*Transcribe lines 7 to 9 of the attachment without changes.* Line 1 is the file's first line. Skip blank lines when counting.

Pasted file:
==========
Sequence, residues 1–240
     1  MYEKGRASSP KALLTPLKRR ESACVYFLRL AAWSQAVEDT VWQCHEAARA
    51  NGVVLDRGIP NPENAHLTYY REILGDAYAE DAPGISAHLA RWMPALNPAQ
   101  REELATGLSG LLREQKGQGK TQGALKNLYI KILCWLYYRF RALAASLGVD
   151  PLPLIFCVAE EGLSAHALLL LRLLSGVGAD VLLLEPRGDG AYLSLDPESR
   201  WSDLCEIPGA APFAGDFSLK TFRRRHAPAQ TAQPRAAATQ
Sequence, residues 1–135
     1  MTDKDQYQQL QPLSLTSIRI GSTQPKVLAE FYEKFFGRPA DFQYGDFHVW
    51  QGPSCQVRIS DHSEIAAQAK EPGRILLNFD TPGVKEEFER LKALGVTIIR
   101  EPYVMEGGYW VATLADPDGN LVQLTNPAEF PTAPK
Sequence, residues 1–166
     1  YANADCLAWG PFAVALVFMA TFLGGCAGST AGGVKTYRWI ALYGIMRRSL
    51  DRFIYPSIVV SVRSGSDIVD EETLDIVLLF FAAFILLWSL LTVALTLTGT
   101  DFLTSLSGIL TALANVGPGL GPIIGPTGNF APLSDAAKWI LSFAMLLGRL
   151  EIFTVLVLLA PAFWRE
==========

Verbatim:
Sequence, residues 1–135
     1  MTDKDQYQQL QPLSLTSIRI GSTQPKVLAE FYEKFFGRPA DFQYGDFHVW
    51  QGPSCQVRIS DHSEIAAQAK EPGRILLNFD TPGVKEEFER LKALGVTIIR